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Jack Thompson (actor)

From Wikipedia, the free encyclopedia

Jack Thompson
Thompson in 2014
John Hadley Pain

(1940-08-31) 31 August 1940 (age 83)
Years active1963–present
SpouseLeona King

Jack Thompson, AM (born John Hadley Pain; 31 August 1940) is an Australian actor and a major figure of Australian cinema, particularly Australian New Wave. He is best known as a lead actor in several acclaimed Australian films, including such classics as The Club (1980), Sunday Too Far Away (1975), The Man from Snowy River (1982) and Petersen (1974). He won Cannes and AFI acting awards for the latter film.

In 2002, he was made an honorary member of the Australian Cinematographers Society, and was the recipient of a Living Legend Award at the 2005 Inside Film Awards.

YouTube Encyclopedic

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  • Jack Thompson Part 1
  • Jack Thompson almost played Schindler in Schindler's List | The ABC Of... | ABC TV + iview
  • Jack Thompson - Enough Rope with Andrew Denton
  • Jack Thompson talks about his recent health scare | Anh's Brush With Fame
  • Jack Thompson reading Henry Lawson


Early life

Born John Hadley Pain[1] in Manly, a suburb of Sydney, Thompson was five years old when his mother Marjorie died, leaving his father Harold, [a purser for Qantas seconded to the RAAF during the war] unable to care for him and his brother, David.[2][3][4] He was sent to "LakeHouse orphanage" in Narrabeen by his aunt and subsequently adopted by the poet and ABC broadcaster John Thompson[5] and his wife Pat, after which he changed his surname.[6] Jack is film reviewer Peter Thompson's adopted brother.[7]

Thompson was educated at Sydney Boys High School.[8] He left school at 14, became a jackaroo in the Northern Territory, and took labouring jobs in New South Wales.[8]

After working in an agricultural lab, Thompson at the age of 20, joined the army in 1960 so that he could earn a science degree.



He enrolled at the University of Queensland in 1963 and transferred to an arts degree,[9][10] performing in theatre at night, including the Twelfth Night Theatre and UQ Dramatic Society[11] in Brisbane.

His talent was nurtured and developed at the Producers Authors Composers and Talent (PACT) Centre.[12]

He appeared on stage in The Devils in 1968.[13]

Television roles

Thompson decided to take acting seriously, giving himself a year to make it.[14]

His TV career began with the soap opera Motel (1968), and he had guest appearances on numerous serials, including Riptide, Woobinda, Animal Doctor, Skippy, The Rovers, Division 4, Homicide and Matlock Police. He also appeared in the documentary short Personnel, or People? (1969), directed by Donald Crombie.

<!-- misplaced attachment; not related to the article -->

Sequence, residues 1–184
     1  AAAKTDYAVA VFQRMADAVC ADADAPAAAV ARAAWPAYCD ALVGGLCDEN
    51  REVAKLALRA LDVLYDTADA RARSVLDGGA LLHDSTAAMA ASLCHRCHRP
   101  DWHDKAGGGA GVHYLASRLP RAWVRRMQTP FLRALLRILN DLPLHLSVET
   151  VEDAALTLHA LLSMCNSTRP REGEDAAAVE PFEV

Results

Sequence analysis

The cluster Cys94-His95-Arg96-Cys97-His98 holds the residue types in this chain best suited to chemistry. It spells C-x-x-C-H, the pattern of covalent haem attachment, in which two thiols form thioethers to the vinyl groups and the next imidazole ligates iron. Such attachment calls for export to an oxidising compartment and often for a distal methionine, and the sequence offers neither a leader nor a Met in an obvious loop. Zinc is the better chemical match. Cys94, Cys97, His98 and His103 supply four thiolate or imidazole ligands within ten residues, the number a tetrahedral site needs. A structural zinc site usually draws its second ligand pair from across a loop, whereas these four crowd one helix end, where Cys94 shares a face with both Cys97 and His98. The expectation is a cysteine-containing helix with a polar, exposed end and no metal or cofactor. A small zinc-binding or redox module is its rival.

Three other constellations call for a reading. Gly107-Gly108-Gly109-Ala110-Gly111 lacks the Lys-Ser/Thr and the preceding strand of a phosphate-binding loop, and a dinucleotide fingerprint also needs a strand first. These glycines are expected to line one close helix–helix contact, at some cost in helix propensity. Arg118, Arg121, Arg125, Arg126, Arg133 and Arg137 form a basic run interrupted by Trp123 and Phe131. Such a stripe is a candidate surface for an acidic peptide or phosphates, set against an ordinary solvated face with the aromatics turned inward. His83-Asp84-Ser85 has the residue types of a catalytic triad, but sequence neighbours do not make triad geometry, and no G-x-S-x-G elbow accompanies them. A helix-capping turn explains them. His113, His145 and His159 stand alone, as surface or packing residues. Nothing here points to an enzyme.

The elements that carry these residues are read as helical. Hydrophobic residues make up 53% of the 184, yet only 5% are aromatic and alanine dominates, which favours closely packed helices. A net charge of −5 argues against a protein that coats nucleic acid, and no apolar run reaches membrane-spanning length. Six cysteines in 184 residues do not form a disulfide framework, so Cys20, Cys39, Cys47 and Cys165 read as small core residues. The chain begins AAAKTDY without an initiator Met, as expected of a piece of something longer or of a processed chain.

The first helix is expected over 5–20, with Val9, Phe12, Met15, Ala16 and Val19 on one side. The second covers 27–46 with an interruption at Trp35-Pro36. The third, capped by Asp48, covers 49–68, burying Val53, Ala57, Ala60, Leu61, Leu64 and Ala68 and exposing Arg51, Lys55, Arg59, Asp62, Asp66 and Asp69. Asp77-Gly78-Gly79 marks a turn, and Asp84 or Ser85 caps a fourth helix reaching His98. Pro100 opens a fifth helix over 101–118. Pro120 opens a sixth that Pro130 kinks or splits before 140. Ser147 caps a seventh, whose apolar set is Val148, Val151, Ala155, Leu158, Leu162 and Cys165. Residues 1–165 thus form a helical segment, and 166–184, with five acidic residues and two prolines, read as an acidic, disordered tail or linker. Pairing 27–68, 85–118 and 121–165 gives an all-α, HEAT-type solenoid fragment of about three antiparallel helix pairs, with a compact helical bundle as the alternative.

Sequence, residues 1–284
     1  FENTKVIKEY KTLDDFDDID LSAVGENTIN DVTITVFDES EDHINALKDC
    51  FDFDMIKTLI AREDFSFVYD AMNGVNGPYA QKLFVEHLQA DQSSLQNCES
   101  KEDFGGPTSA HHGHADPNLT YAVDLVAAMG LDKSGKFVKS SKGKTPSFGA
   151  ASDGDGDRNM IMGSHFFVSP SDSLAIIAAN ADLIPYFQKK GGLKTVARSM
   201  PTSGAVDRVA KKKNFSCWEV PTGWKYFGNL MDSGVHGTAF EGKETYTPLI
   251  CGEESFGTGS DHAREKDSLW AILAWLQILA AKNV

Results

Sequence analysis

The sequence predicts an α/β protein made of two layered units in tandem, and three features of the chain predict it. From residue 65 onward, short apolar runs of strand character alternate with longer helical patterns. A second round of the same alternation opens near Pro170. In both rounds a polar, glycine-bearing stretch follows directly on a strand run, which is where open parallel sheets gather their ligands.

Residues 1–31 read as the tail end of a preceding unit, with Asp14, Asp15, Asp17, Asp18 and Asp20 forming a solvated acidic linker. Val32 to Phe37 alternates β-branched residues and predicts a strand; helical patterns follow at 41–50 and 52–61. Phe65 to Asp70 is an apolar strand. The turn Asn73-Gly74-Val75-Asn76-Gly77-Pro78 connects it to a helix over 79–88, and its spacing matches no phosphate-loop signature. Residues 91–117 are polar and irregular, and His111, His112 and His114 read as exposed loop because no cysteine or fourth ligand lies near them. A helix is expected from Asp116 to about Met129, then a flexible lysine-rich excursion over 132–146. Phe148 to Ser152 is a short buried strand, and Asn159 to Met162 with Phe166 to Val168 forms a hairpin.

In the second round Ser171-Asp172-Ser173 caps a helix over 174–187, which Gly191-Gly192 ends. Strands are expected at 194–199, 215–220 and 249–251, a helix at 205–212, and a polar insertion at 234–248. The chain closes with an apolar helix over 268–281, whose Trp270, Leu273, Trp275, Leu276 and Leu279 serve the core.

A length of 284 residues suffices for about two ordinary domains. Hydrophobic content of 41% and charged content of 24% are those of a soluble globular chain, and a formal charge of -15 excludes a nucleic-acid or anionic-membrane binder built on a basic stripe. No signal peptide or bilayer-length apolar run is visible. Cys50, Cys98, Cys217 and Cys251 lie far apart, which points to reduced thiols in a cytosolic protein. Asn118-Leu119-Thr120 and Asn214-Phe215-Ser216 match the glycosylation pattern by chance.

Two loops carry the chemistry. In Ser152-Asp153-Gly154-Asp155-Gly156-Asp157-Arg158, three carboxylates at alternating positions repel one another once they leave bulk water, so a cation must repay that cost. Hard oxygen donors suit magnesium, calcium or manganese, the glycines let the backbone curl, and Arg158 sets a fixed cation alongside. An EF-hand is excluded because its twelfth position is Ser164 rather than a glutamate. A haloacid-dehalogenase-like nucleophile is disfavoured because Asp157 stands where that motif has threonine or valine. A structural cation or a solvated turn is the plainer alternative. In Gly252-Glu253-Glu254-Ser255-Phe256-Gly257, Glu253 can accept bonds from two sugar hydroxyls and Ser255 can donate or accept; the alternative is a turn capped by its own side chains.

Thompson had a leading role in spy drama series Spyforce (1971–1973), playing the role of Erskine who did missions in World War II.[15]

He continued to guest-star on shows such as Over There, Matlock Police (again), Ryan, Boney and Elephant Boy.

He guest-starred on The Evil Touch and Homicide again; he also appeared in Marijuana: Possession and the Law (1974).[16][17]

Films and stardom

Thompson made his film debut in That Lady from Peking in 1968, and his first lead role was in TV movie Silo 15 (filmed in 1969 and released in 1971).

He had a supporting role in Wake in Fright in 1971, and he received excellent reviews for his performance in one of the stories in Libido in 1973, with his segment written by David Williamson. He also starred in TV movie Linehau in 1973.

Thompson became an Australian film star playing the title role in Petersen (1974), written by Williamson and directed by Tim Burstall. The film was a success at the box office.[18] He did the TV movie Human Target (1974), then starred in the highly acclaimed Sunday Too Far Away (1975), playing a shearer.

Thompson played the title role in Scobie Malone (1975), based on the Jon Cleary novel Helga's Web. It was produced by American Casey Robinson, who said "Jack Thompson is a great part of my reason to become involved in this venture. I have no doubt whatsoever that when this film is seen overseas he'll be turned instantly into an international star. There aren't many male actors like him around any more. There's something there that reminds me very much of Bogart."[19] The film was a failure at the box office.[20]

He did an episode of Armchair Theatre, titled "Tully".[21]

Thompson had a supporting role in Caddie (1976), directed by Crombie, which was a big success.[22]